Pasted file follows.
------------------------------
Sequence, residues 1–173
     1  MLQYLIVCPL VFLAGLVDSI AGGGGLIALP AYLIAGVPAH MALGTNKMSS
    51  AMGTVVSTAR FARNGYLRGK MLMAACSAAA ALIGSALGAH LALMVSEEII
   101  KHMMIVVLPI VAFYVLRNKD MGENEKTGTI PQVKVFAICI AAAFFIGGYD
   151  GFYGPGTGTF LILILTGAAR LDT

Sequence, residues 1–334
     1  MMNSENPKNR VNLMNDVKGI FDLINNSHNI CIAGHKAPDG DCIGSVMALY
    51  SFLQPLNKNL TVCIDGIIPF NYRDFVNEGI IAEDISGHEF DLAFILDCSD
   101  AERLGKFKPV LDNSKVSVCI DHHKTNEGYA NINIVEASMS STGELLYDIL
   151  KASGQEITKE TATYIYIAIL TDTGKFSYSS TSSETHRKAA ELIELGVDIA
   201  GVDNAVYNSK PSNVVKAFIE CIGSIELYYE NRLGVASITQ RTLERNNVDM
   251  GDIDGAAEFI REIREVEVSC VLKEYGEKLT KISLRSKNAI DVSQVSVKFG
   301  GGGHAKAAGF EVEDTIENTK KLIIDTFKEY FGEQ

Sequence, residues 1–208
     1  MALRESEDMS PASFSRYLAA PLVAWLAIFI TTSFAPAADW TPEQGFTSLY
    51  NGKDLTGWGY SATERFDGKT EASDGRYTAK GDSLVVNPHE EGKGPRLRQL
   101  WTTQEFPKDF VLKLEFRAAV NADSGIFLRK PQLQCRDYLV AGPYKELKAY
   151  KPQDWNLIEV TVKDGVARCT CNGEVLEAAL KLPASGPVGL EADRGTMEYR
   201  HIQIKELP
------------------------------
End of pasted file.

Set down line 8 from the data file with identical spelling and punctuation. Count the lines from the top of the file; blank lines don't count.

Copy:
    51  SFLQPLNKNL TVCIDGIIPF NYRDFVNEGI IAEDISGHEF DLAFILDCSD